"If Klee was not one of the great formgivers, he was still ambitious. Like a miniaturist, he wanted to render nature permeable, in the most exact way, to the language of style - and this meant not only close but ecstatic observation of the natural world, embracing the Romantic extremes of the near and the far, the close-up detail and the "cosmic" landscape. At one end, the moon and mountains, the stand of jagged dark pines, the flat mirroring seas laid in a mosaic of washes; at the other, a swarm of little graphic inventions, crystalline or squirming, that could only have been made in the age of high-resolution microscopy and the close-up photograph. There was a clear link between some of Klee's plant motifs and the images of plankton, diatoms, seeds, and micro-organisms that German scientific photographers were making at the same time. In such paintings, Klee tried to give back to art a symbol that must have seemed lost forever in the nightmarish violence of World War I and the social unrest that followed. This was the Paradise-Garden, one of the central images of religious romanticism - the metaphor of Creation itself, with all species growing peaceably together under the eye of natural (or divine) order."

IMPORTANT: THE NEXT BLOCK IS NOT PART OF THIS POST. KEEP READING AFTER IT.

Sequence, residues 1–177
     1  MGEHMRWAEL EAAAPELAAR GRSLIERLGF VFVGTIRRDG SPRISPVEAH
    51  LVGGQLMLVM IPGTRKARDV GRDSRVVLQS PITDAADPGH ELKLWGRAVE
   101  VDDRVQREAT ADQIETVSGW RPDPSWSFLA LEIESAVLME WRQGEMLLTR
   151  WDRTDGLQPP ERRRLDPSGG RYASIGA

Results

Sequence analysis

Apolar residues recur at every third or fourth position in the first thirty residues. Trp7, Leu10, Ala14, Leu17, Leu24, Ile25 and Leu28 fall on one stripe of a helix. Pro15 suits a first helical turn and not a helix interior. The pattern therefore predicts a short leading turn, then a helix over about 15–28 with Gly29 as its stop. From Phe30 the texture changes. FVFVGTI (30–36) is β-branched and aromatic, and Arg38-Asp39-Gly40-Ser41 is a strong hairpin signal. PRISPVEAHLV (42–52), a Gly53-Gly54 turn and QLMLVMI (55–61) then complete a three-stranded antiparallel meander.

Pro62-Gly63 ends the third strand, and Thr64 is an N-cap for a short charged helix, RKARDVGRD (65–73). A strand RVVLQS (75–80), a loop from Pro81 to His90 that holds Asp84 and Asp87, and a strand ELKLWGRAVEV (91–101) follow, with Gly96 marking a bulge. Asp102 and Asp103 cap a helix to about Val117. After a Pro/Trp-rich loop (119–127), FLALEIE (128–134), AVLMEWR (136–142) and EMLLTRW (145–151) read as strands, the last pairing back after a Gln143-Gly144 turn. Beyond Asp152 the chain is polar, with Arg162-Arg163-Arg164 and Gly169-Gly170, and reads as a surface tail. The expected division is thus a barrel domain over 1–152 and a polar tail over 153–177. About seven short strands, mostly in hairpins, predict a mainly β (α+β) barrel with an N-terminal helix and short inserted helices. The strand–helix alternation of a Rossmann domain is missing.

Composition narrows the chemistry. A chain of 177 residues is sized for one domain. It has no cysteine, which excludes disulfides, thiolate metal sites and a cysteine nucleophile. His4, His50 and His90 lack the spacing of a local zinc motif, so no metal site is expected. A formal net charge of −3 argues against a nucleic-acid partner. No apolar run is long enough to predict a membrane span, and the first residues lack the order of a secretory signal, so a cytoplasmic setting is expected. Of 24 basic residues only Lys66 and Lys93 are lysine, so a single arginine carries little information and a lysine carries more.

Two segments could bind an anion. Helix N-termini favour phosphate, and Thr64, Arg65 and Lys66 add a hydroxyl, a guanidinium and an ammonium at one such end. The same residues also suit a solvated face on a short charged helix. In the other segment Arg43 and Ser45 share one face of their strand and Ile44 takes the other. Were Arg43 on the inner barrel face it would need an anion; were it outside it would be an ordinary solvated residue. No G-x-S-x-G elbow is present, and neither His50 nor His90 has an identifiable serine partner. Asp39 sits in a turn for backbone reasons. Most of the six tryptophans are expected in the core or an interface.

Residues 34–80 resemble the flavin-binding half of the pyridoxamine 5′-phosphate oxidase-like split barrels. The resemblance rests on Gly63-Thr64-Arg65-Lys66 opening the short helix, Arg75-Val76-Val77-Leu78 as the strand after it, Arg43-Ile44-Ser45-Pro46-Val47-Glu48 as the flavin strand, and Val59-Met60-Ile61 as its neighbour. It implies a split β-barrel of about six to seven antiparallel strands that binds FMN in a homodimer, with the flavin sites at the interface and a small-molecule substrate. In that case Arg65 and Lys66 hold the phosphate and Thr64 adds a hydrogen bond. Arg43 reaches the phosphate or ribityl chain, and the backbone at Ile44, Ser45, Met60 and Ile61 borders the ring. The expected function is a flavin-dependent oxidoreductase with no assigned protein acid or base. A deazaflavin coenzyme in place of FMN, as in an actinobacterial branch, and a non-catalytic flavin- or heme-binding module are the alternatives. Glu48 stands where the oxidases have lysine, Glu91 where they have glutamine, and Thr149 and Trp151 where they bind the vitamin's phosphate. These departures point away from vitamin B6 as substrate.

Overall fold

- From Robert Hughes, "The Shock of the New"

 


 Klee_TWITTERING_MACHINE

Klee, Paul Twittering Machine (Die Zwitschermaschine) 1922 Watercolor and pen and ink on transfer drawing on paper mounted on cardboard 64.1 x 48.3 cm (25 1/4 x 19 in.) Museum of Modern Art, New York

 Klee_TUNISIAN

Klee, Paul Twittering Machine (Die Zwitschermaschine) 1922 Watercolor and pen and ink on transfer drawing on paper mounted on cardboard 64.1 x 48.3 cm (25 1/4 x 19 in.) Museum of Modern Art, New York

 Klee_S_GARDEN

Klee, Paul Southern Gardens 1936 Oil on paper, mounted on cardboard 10 3/8 x 12 1/4 in. Collection Norman Granz, Geneva